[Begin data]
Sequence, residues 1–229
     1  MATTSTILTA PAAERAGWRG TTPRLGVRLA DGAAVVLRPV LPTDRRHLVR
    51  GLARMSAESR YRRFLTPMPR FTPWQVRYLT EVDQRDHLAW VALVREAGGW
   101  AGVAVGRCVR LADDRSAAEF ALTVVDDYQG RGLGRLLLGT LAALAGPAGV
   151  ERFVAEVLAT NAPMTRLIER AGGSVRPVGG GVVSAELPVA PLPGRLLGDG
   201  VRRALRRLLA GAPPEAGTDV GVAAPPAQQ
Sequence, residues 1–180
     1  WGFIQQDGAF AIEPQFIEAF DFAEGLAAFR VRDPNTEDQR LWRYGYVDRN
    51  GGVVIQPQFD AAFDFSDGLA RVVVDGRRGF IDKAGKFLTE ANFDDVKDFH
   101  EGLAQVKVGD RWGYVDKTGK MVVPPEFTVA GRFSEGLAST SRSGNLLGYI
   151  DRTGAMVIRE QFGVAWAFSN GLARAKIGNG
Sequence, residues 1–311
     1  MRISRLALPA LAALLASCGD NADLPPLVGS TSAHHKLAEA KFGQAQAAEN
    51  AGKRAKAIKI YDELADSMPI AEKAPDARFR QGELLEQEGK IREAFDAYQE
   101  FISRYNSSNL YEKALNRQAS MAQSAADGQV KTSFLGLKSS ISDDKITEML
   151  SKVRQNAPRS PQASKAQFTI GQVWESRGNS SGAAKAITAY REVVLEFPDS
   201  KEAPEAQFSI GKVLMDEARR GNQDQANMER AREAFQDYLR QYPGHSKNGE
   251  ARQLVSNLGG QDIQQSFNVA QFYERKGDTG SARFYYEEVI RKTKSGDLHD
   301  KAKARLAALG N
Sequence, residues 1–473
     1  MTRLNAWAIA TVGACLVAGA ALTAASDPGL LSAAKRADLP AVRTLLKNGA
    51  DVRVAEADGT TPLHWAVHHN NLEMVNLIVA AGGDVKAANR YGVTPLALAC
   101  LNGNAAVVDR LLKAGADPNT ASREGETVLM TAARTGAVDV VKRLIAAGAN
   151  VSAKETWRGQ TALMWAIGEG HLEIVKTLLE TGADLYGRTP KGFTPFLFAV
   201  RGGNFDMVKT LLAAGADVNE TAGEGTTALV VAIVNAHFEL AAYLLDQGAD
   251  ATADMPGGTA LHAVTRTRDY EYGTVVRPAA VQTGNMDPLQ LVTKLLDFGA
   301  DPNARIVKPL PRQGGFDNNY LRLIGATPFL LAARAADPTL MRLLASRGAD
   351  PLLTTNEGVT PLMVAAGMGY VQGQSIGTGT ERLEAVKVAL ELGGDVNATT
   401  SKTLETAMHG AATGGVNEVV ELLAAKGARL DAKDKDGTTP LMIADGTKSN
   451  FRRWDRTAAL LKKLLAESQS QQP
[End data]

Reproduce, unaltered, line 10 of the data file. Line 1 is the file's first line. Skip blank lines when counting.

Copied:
   101  EGLAQVKVGD RWGYVDKTGK MVVPPEFTVA GRFSEGLAST SRSGNLLGYI